Here at Whisk(e)y Apostle, it is no secret that we love Buffalo Trace. Not only do they make some really excellent whiskies (Buffalo Trace, Eagle Rare, George T. Stagg, and Sazerac Rye to name a few), but they approach whiskey making with an almost religious fervor and a sense of experimentation rarely seen in such a large scale operation. This week, the folks at Buffalo Trace announced two more reasons to get excited. Here’s the press release:
What’s next? After more than twenty years of experimentation, Buffalo Trace Distillery is rolling out the latest release of the prized Experimental Collection. This round of tinkering was conducted to find out how barrels with different wood grains affect bourbon aging. In particular, what impact do barrels made from fast-growth oak trees with coarse grain patterns have on bourbon aging, versus barrels made with slow-growth trees with fine grain?
Here are some answers to that question:
1. FINE GRAIN OAK: These barrels were filled July13, 1994 and bottled May 7, 2009. Buffalo Trace Mash Bill #2 was used and the product entered the barrel at 125 proof. After more than 14 years of aging, the slow-growth of fine grain wood concentrated the sugars and imparted extra doses of caramel and vanilla. The bourbon is rich and exceedingly sweet with an almost syrupy character. It also has a nice balance of flavors and complexity.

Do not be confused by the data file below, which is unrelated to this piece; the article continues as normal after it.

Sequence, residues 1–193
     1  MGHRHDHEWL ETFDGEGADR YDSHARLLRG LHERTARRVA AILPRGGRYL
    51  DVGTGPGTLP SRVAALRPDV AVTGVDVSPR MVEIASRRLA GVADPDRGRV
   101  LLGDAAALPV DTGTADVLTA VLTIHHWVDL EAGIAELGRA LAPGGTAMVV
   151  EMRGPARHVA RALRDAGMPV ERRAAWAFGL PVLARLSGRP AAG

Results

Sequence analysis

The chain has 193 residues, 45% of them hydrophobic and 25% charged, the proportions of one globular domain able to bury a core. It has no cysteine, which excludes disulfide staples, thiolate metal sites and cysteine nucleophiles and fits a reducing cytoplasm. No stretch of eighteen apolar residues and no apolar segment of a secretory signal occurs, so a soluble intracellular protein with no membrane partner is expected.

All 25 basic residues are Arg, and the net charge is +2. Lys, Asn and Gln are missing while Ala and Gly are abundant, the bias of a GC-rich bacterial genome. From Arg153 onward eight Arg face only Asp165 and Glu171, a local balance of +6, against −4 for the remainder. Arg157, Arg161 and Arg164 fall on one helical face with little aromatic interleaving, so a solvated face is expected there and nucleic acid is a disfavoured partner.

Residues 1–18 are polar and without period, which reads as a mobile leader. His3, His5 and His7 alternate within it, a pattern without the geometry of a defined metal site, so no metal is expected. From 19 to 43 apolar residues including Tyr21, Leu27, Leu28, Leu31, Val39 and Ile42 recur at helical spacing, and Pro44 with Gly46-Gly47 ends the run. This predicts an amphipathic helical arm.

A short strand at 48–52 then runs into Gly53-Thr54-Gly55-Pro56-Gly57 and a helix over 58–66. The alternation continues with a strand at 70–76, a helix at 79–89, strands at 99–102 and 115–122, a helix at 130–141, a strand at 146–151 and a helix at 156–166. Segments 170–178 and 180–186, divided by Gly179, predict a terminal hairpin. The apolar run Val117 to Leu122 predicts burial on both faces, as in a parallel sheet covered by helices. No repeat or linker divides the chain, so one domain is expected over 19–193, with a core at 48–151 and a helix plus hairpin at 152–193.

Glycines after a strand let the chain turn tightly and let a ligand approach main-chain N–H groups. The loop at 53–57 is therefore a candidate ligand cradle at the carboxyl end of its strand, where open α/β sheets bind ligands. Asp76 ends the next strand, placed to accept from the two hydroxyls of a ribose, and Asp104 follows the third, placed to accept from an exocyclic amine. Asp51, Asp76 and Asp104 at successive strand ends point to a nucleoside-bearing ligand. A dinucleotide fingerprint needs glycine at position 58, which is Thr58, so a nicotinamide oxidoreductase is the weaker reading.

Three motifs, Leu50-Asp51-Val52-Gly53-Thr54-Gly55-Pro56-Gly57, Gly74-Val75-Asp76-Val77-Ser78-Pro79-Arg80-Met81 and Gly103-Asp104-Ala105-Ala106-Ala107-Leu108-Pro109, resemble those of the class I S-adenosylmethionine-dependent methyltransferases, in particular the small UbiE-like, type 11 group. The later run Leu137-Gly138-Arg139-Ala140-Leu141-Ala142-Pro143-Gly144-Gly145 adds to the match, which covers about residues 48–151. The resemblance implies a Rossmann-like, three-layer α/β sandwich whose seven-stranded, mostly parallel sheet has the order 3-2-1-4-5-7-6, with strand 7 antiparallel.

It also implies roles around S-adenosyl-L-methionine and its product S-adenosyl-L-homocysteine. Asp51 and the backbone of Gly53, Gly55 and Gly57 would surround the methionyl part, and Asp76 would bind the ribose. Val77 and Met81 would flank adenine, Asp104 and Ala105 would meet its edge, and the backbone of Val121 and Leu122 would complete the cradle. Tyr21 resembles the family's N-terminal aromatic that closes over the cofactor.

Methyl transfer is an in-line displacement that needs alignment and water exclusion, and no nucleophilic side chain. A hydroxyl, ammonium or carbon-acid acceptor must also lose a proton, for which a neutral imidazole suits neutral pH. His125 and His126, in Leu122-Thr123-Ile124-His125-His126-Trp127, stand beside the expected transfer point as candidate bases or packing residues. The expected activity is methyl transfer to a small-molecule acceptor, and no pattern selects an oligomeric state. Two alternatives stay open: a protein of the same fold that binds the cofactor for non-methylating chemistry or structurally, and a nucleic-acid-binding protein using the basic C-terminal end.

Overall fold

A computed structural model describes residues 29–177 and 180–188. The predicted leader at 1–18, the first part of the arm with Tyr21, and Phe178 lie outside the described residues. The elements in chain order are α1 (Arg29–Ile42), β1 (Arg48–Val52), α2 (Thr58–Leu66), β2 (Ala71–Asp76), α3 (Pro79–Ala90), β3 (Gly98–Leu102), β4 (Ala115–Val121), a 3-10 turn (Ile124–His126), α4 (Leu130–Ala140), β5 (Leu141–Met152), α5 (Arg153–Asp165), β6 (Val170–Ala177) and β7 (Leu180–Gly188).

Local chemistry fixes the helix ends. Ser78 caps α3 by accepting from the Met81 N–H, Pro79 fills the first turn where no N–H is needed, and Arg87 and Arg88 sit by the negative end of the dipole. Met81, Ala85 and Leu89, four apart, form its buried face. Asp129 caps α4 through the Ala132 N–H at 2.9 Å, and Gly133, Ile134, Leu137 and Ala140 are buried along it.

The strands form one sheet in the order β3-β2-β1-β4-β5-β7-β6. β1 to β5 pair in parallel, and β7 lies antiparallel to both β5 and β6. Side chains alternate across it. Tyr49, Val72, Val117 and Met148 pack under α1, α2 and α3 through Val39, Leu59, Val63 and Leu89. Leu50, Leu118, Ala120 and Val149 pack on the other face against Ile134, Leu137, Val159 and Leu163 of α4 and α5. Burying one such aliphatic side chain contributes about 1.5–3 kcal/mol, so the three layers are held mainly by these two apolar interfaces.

2. COARSE GRAIN OAK: The filling and aging time on these barrels is the same as with the fine grain. After nearly 15 years in the barrel, this whiskey is dry with a balance of smokiness and wood with herbal qualities. The finish is quick and woody and it is slightly heavy with a powerful complexity.
“We continue to learn new and interesting information from these experiments. We never know how they are going to turn out,” said Harlen Wheatley, master distiller. “It’s also great to see the excitement that surrounds these releases. The customer feedback is great.”
There are more than 1,500 experimental barrels of whiskey now aging in the warehouses of Buffalo Trace. Each of the barrels has unique characteristics making it different from all others. Some examples of these experiments include unique mash bills, types of wood and barrel toasts. In order to further increase the scope, flexibility and range of the experimental program an entire micro distillery complete with cookers, fermenting tanks and a state of the art micro still has been constructed within the Buffalo Trace Distillery.
The Experimental Collection will be packaged in 375ml bottles. Each label will include all the pertinent information unique to that barrel of whiskey. These whiskies will be released in late May of 2009 and retail for approximately $46.35 each. Each experiment is rare and very limited. For more information on the Experimental Collection or the other products of Buffalo Trace Distillery,